And Abram went up out of Egypt, he, and his wife, and all that he had, and Lot with him, into the south.
And he went on his journeys from the south even to Bethel, unto the place where his tent had been at the beginning, between Bethel and Hai;
I suppose the famine was still raging when he first left Egypt, thus his circuitous return. Here he seems to get back on speaking terms with God:
Unto the place of the altar, which he had made there at the first: and there Abram called on the name of the LORD.
Perhaps this is the primary purpose of an altar (mizbeach ), to remind us of what it was like when we first (ri’shown) experienced God, and inspire us to call (qara’) on Him again. Abram’s been wandering a while, and he clearly lost sight of God’s faithfulness along the way. The altar is like a beacon, guiding his wandering heart back to the LORD (Y@hovah).
And Lot also, which went with Abram, had flocks, and herds, and tents.
Alas, Lot did not appear to have any altars, merely possessions:
And the land was not able to bear them, that they might dwell together: for their substance was great, so that they could not dwell together.
Of course over-crowding is an inevitable consequence of nomadic wealth; one can only graze so many sheep in one place. Still, it does make one wonder whether Pharaoh’s favor really just made the situation worse — is wealth always a blessing, or does it sometimes destroy more important things?
And there was a strife between the herdmen of Abram’s cattle and the herdmen of Lot’s cattle: and the Canaanite and the Perizzite dwelled then in the land.
One can imagine small-scale shepherd fights over water, perhaps pre-figuring the range wars of the American “Wild West.” An economic problem becomes a social problem, even though the principals desire harmony:
And Abram said unto Lot, Let there be no strife, I pray thee, between me and thee, and between my herdmen and thy herdmen; for we [be] brethren.
In traditional cultures, there is no stronger bond than that between blood relatives (‘ach). Which isn’t exaclty proof against blood being shed, but it did at least motivate people to attempt peaceful resolution — especially in the face of threats from non-relatives (i.e., Canaanite & Perizzite).
[Is] not the whole land before thee? separate thyself, I pray thee, from me: if [thou wilt take] the left hand, then I will go to the right; or if [thou depart] to the right hand, then I will go to the left.
This is possibly the first example of what is now a surprisingly well-studied math technique know as Fair Division, or the cake-cutting algorithm, also known as “I cut, you choose.” Though, Abram seems more concerned with peace than equity (one can’t always have both). Lot clearly sees one side as being far more fair:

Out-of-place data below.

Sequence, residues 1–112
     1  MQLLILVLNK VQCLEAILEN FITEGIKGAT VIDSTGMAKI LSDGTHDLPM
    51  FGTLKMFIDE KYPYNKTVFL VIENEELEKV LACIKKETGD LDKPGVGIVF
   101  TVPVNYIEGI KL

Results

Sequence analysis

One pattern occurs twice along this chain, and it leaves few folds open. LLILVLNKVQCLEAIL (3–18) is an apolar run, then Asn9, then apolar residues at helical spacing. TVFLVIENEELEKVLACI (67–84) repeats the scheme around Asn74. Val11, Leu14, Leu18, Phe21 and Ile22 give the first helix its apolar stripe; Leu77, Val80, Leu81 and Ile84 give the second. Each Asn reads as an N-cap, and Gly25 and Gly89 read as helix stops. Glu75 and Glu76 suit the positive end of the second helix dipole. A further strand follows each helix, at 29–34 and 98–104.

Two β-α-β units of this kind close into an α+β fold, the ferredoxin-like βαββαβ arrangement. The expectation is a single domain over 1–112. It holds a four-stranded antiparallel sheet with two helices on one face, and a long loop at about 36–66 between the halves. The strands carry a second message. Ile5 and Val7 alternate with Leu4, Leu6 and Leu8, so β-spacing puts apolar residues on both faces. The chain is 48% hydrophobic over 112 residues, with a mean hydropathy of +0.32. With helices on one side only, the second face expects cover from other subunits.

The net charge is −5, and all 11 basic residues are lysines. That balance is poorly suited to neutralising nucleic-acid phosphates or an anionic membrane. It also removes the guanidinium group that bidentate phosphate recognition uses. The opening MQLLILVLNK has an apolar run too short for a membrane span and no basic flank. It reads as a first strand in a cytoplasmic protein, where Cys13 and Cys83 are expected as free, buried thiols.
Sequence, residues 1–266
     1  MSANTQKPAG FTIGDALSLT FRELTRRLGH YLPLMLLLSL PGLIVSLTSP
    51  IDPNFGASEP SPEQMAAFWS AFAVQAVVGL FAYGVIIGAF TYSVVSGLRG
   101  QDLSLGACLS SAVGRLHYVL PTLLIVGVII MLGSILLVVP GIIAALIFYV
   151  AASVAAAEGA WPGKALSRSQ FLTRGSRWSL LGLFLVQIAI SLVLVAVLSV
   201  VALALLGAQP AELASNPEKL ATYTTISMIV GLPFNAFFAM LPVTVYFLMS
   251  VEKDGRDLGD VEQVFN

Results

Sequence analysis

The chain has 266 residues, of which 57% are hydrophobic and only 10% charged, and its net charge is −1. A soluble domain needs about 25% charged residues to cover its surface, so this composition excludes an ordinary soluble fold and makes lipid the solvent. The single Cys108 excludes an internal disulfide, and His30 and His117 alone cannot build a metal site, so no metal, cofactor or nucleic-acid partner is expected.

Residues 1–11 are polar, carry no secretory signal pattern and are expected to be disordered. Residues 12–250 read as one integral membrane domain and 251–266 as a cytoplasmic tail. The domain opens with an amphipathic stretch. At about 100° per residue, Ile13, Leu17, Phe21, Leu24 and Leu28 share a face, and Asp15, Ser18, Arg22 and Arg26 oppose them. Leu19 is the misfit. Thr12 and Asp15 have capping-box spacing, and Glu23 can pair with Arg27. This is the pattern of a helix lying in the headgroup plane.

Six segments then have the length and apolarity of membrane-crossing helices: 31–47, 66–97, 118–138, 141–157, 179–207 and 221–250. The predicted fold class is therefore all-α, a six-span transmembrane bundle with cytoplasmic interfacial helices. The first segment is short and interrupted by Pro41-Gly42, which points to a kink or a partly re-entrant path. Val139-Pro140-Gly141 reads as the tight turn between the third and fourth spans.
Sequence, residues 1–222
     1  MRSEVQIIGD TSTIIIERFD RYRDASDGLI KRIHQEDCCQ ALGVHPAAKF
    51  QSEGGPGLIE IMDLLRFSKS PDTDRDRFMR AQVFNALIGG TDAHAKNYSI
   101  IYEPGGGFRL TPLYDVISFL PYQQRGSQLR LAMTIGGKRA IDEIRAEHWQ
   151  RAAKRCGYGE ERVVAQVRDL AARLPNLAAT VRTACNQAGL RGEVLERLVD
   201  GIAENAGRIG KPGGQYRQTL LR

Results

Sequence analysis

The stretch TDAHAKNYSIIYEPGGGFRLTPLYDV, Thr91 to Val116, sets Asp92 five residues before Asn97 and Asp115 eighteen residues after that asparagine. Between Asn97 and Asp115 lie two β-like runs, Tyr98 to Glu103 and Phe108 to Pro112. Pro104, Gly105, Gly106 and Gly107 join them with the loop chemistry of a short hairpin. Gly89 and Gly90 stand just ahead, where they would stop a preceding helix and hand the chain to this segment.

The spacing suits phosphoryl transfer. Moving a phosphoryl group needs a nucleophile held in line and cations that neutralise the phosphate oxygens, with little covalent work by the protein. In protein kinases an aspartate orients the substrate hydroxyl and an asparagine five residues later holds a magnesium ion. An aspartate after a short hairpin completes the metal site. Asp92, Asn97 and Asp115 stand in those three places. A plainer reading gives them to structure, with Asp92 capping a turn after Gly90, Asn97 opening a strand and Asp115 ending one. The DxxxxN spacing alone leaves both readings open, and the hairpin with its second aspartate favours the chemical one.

And Lot lifted up his eyes, and beheld all the plain of Jordan, that it [was] well watered every where, before the LORD destroyed Sodom and Gomorrah, [even] as the garden of the LORD, like the land of Egypt, as thou comest unto Zoar.
And, being Lot, he chooses that for himself:
Then Lot chose him all the plain of Jordan; and Lot journeyed east: and they separated themselves the one from the other.
Lot appears to have been thinking about land, i.e., wealth, rather than considering people; either his elder Abram (to whom he arguably owed first choice), or his new neighbors:
But the men of Sodom [were] wicked and sinners before the LORD exceedingly.
It is worth noting that both biblical and secular history has the Canaanites sharing the same heritage as Abram, though the terminology differs. What interests me is not that the Sodomites were sinners, even exceedingly (m@`od), but that they were “sinners before the Lord” (chatta’ Y@hovah). Clearly God knew them, and the implication is that they should have known Him. Which may prove significant later.
Meanwhile, back at the ranch, God appears to console Abraham for losing the better part of the land by giving him an inheritance of prosperity:
For all the land which thou seest, to thee will I give it, and to thy seed for ever.
This is an extraordinary thing for God to do — not least because there are already people living there. But, setting aside the Canaanite viewpoint for a few books, let’s explore what this means to Abraham:
And I will make thy seed as the dust of the earth: so that if a man can number the dust of the earth, [then] shall thy seed also be numbered. Arise, walk through the land in the length of it and in the breadth of it; for I will give it unto thee.
I count two major promises: a) I’ll give you the land, and b) thy seed will be uncountably numerous. I actually think of of the second as more important than the first — of what value is wealth other than to provide for your family (unless you have an immature ego :-)?
This time, perhaps in contrast to the debacle in Egypt, Abram appears willing to submit tp and trust in God:
Then Abram removed [his] tent, and came and dwelt in the plain of Mamre, which [is] in Hebron, and built there an altar unto the LORD.
We began with Abram visiting an old altar, and end with him building (banah) a new one. Perhaps that is another purpose of an altar: to externalize an emotion, and say “Yes, this is who I am, and where I want to be.” He accepts his new home not as the whim of Lot, but the sovereign choice of God.
Lord, teach me to build and visit altars where I may call on you. In fact, make this blog an altar, where I am reminded of how you’ve spoken to me, and motivated to view history and life from your perspective. Help me to trust in your wisdom and providence, and not in my own wealth or scheming. Grant me the grace to free people to make their own choices, and promote peace over strife. And the faith to believe that you will take care of me, no matter how they decide. Amen.